Polar night, Norwegian and Russian children’s event lights up Christmas

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BARENTSBURG, NORWAY (AP) — A 15-year-old boy in a polar bear hoodie takes turns reading the Gospel about the birth of Jesus at a Russian Orthodox Christmas celebration, while three people in dresses and bows girl declared it in Norwegian. Deep in the North Pole, undimmed by war and his round-the-clock polar night.

The girls and a dozen fellow members of the Polar Gospel, the only church children’s choir in Svalbard, an archipelago closer to the Arctic than Oslo or Moscow, traveled three hours by boat on Saturday to support 40 children. celebrated the holiday with us in Barentsburg.

At noon in the snow-covered square of this village owned by the Russian Arctic Mining Company, the full moon illuminates a bust of Lenin, a large twinkling Christmas tree and an even larger one that reads ‘Our goal is communism’. Standing in front of an old monument. Cyrillic letters.

Here in the far north the sun never rises in winter.

“Those of us who live in the north in the dark know how much light means,” said Reverend Shiv Rimstrand, a thin yellow candle popular in Orthodox churches after the gospel reading. I said as I handed them out to the children. “Even a single window candle is enough to find each other’s way.”

Annual Christmas by the Lutheran minister of the Svalbard Church and other leaders from the main settlement of the Longyearbyen archipelago, 34 nautical miles from Barentsburg through a fjord surrounded by majestic white mountains Visiting traditions were interrupted during the pandemic. It was again called into question by the war in Ukraine, which disrupted even occasional visits by Orthodox priests.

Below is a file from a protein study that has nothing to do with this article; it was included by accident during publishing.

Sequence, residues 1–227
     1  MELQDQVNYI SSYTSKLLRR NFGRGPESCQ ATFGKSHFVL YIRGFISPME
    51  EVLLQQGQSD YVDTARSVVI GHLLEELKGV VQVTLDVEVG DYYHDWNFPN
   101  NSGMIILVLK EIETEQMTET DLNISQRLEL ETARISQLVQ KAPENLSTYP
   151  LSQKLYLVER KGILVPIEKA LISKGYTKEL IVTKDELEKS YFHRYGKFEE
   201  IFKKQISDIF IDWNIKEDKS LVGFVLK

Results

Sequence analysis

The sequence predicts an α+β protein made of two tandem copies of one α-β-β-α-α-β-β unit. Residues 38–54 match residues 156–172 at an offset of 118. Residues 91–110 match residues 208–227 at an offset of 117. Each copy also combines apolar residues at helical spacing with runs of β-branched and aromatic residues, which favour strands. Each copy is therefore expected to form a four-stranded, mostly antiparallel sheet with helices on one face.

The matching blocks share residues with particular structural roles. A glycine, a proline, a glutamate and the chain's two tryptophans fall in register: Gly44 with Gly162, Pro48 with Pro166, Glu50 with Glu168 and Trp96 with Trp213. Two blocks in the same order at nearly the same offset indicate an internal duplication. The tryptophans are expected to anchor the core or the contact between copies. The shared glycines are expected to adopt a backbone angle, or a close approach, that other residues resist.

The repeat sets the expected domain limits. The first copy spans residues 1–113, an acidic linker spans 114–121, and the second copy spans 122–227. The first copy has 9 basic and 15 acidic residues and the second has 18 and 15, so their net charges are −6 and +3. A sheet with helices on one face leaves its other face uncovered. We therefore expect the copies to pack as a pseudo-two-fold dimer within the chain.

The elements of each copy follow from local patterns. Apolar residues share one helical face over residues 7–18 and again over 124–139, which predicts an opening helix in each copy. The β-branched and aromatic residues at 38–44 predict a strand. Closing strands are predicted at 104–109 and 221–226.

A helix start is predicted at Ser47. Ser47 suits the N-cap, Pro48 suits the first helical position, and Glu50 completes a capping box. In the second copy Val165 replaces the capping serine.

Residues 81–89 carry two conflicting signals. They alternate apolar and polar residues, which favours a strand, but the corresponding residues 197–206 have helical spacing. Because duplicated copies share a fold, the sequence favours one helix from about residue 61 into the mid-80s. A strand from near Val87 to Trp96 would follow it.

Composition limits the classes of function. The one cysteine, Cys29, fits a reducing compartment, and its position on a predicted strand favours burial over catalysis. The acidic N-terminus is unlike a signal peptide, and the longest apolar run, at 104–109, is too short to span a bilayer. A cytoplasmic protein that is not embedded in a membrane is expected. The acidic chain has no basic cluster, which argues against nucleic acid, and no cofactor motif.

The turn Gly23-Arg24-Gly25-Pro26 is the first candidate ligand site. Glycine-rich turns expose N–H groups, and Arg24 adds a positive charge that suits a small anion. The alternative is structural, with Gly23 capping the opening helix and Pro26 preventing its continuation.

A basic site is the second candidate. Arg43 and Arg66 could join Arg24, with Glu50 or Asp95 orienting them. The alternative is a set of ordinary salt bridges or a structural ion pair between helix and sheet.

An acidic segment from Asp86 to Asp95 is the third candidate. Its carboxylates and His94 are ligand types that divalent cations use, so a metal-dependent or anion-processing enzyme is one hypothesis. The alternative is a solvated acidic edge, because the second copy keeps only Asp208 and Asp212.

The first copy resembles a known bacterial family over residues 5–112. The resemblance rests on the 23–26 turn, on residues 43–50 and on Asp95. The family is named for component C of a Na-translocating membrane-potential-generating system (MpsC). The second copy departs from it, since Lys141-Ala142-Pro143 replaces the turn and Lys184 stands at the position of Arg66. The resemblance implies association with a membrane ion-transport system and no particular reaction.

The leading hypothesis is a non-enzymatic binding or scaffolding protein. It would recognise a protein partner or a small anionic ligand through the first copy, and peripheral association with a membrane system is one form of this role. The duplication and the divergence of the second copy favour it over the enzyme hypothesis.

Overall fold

For 18 months, no one celebrates worship in Barentsburg’s tall wooden chapel. Always open, its light shines like a beacon through the windows towards the modern apartment complexes of the miners and the sea.

That is why Rimstrand worked with church choirmasters and Barentsburg school teachers to create a program that stripped them of official duties for the past two months. The program’s songs and short narration focused on his message of light and peace in the dark, the Christmas Gospel.

As she put together her remarks while aboard a large vessel loaned by the governor of Svalbard, Rimstrand was unsure if she would even offer a formal blessing at the end of her performance.

But the atmosphere was so festive that she took the Old Testament verse, “May the Lord bless you and keep you,” to the church staff, her parents in Longyearbyen, and her teachers in Barentsburg. , and addressed the audience, including the general manager sitting discreetly in the back. Arktikgol, the mining company that runs the town.

For more than a century, mining has formed permanent settlements in Svalbard, such as Longyearbyen, with about 2,000 inhabitants, and Barentsburg, with about 350 inhabitants. Despite being a Norwegian territory, the Soviet Union was a party to her early 20th-century treaty, which allowed other countries to share mining rights, and Arcticugol continued to operate Russian mines. increase.